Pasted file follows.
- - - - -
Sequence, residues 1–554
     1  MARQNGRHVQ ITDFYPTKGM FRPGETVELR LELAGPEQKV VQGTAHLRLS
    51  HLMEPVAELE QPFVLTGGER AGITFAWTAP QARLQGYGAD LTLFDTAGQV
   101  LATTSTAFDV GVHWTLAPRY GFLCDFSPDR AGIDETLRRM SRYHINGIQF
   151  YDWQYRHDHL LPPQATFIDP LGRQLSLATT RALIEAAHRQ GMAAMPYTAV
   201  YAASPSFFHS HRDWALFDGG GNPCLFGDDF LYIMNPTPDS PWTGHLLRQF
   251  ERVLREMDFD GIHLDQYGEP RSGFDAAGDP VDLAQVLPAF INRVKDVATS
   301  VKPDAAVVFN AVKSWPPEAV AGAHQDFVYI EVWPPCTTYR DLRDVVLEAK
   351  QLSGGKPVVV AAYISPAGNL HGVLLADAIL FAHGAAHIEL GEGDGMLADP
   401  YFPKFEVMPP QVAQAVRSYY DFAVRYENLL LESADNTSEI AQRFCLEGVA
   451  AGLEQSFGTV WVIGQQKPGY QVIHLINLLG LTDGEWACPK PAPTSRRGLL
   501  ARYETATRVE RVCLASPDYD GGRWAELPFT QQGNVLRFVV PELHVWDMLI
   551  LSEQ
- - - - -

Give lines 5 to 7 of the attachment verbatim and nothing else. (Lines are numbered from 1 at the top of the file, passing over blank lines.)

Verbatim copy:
   151  YDWQYRHDHL LPPQATFIDP LGRQLSLATT RALIEAAHRQ GMAAMPYTAV
   201  YAASPSFFHS HRDWALFDGG GNPCLFGDDF LYIMNPTPDS PWTGHLLRQF
   251  ERVLREMDFD GIHLDQYGEP RSGFDAAGDP VDLAQVLPAF INRVKDVATS